"All our childhood is full of remembrances of father. He never forgot our birthdays; however hot it was down in the scorched plains, when the day came round, if we were up in the hills, a large parcel would arrive from him. His very presence was joy and strength when he came to us at Naini Tal. What a remembrance there is of early breakfasts and early walks with him—the father and the three children! The table was spread in the verandah between six and seven. Father made three cups of cocoa, one for each of us, and then the glorious walk! The ponies followed behind, each with their attendant grooms, and two or three red-coated chaprassies, father stopping all along the road to talk to every native who wished to speak to him, while we three ran about, laughing and interested in everything. Then, at night, the shouting for him after we were in bed, and father's step bounding up the stair in Calcutta, or coming along the matted floor of our hill home. All order and quietness were flung to the winds while he said good-night to us."
1921. Munshi Premchand. Godaan (or The Gift of the Cow). (Quoted from: The Gift of the Cow: A Translation of the classic Hindi novel, Godaan, by Premchand, translated by Gordon C. Roadarmel, with a new introduction by Vasudha Dalmia. Indiana University Press, 2002).
On Page 384: "By winning the case, he had reached the highest rank of zamindars. Not that he had commanded less respect than anyone else previously, but its roots were now deeper and stronger. A succession of photographs and character-sketches began appearing in the daily papers. His debts had multiplied greatly, but he was no longer concerned. He could get out of debt by just selling a small piece of the new property. The good fortune was exceeding his wildest dreams.
Previously his only house had been in Lucknow. Now it became necessary to acquire houses in three other places-Naini Tal, Mussoorie and Simla. It would detract from his new glory to visit those places and stay at a hotel or at some other raja's mansion."
On Page 385: "But the greatest triumph of his life came when his vanquished enemy, Raja Surya Pratap Sing, sent a message offering his daughter in marriage to the Rai Sahib's eldest son, Rudrapal Singh. Neither winning the election nor becoming a minister had brought the Rai Sahib such delight. Those were things of which he had dreamed, whereas this was something beyond his wildest dreams. That same Surya Pratap Singh who for months had considered him lower than his dog now wanted to marry his daughter into the family ! Incredible !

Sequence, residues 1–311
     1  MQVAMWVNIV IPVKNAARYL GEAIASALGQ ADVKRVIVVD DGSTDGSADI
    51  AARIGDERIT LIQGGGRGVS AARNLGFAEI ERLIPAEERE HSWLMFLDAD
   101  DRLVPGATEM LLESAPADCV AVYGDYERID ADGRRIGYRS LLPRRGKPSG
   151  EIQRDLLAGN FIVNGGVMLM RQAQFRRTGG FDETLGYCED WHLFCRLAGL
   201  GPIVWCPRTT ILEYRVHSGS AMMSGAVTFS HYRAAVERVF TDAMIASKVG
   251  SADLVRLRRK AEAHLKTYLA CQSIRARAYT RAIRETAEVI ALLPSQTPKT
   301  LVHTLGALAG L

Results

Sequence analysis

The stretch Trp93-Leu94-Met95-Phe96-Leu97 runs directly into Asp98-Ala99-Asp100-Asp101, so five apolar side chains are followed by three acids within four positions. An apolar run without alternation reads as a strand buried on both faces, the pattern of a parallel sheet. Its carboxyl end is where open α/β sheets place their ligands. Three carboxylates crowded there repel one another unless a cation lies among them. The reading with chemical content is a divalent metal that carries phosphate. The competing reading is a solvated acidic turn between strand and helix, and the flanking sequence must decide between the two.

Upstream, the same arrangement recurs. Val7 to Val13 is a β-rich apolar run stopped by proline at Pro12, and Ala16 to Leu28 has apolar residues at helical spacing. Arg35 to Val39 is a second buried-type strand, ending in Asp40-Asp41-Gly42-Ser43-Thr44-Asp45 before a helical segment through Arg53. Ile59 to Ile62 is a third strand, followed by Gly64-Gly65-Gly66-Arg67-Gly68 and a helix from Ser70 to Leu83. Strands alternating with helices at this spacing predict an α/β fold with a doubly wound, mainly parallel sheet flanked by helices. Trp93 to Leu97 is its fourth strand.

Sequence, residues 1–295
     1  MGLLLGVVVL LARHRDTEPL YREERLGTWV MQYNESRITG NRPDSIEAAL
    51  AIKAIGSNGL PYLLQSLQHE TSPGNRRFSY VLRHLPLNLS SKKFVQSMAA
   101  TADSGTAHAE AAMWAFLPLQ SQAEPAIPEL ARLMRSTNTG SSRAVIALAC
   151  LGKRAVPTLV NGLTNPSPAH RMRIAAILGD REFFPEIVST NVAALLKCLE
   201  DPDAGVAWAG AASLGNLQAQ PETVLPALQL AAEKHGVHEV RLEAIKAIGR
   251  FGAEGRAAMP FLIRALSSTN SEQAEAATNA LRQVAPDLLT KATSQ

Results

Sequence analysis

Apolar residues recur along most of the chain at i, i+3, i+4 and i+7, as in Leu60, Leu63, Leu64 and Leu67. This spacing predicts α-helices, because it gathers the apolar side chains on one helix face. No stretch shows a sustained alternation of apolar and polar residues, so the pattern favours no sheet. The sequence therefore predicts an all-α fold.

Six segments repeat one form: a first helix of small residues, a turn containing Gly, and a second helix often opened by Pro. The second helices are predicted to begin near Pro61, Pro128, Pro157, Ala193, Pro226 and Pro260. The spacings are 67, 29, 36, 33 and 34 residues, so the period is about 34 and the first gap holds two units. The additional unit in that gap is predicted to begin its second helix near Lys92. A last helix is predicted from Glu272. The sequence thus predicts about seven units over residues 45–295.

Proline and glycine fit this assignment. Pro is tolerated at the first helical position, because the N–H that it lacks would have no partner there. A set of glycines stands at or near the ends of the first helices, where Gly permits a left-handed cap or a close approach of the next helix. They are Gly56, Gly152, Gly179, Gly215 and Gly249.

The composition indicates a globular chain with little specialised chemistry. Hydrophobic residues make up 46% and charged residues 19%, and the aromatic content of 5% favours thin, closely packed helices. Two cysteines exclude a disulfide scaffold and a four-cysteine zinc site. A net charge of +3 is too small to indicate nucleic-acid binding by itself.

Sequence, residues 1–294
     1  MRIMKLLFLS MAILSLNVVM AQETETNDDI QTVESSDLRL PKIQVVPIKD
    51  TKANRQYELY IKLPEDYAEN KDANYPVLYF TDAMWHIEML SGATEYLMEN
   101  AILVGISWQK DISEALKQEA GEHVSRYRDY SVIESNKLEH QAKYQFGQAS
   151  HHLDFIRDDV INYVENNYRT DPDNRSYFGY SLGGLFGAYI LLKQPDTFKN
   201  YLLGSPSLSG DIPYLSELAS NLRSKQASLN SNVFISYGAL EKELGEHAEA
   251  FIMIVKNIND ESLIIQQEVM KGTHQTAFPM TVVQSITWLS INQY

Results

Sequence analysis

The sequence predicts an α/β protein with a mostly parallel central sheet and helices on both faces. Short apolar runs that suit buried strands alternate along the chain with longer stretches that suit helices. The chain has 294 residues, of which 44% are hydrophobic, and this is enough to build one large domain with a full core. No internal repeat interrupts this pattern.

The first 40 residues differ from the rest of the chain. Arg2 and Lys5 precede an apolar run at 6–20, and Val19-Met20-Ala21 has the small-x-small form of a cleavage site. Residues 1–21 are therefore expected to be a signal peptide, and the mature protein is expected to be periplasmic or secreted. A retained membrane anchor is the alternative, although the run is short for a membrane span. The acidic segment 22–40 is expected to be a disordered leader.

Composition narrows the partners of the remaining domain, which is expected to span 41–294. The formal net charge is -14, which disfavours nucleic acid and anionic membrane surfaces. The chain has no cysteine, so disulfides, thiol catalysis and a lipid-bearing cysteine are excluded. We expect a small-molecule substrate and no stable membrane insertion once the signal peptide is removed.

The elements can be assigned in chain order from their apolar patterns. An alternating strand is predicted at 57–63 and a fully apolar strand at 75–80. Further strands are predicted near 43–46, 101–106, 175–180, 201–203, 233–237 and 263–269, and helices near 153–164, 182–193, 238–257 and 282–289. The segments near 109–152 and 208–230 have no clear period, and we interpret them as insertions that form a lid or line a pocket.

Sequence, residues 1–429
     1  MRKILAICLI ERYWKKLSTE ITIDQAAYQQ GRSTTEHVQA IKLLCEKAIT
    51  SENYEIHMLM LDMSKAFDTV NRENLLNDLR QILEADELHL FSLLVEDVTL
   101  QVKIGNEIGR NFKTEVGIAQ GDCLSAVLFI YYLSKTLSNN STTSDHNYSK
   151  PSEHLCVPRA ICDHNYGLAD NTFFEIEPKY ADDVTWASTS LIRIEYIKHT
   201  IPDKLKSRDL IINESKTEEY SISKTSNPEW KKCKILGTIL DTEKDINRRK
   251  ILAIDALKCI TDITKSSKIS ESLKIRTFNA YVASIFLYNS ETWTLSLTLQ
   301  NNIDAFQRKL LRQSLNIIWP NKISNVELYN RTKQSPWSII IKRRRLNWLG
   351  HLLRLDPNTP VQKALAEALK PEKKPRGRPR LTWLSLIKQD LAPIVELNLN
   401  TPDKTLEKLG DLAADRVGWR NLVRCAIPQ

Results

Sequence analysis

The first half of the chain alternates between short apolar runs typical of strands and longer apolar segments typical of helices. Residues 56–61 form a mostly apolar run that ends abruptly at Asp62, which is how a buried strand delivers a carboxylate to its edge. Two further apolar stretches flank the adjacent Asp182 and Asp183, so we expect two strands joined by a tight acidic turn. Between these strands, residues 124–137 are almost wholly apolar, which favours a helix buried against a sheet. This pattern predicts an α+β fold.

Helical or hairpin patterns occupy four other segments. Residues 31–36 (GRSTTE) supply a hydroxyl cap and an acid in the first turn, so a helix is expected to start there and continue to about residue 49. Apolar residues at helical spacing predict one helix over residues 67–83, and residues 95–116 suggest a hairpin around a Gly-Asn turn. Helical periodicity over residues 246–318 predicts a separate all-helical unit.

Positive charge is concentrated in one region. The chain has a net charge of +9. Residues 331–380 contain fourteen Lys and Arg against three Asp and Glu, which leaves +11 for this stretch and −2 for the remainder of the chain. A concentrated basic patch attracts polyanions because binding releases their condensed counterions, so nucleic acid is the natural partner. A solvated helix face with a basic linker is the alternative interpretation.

The Rai Sahib, in Naini Tal at the time the offer was made, almost burst with pride. Although he had no desire to apply any kind of pressure on the boy in regard to marriage, he was confident that Rudrapal would not create a fuss over any decision reached by his father."
On Page 390: "The Rai Sahib went straight home and had just picked up the daily paper when Mr. Tankha's card was brought in. He despised Tankha and had no desire to see even his face, but in this debilitated state of mind, he was looking for someone to sympathize. The man might be incapable of anything else, but he could at least show sympathy. The Rai Sahib called him in immediately.
Tankha came tiptoeing into the room with a mournful look on his face. Bowing all the way to the floor, he said, 'I was just leaving for Naini Tal in order too see your honour. By good fortune I've met you here. Your honour is in good health?'"
On Page 393: "'You get all carried away about human decency,' the Raja Sahib interrupted, 'and don't realize what in the world today man's bestiality is winning out over his humanity. Why are there wars otherwise? Why aren't matters settled through peaceful means such as village councils? As long as man exists, his bestiality will continue to express itself.'
A mild argument ensued and a stalemate was finally reached on the marriage question, at which the Raja Sahib got angry and left. The next day the Rai Sahib departed for Naini Tal, and a day later Rudrapal left for England with Saroj. The two men were no longer related as father and son but as adversaries."
1944, Man-Eaters of Kumaon.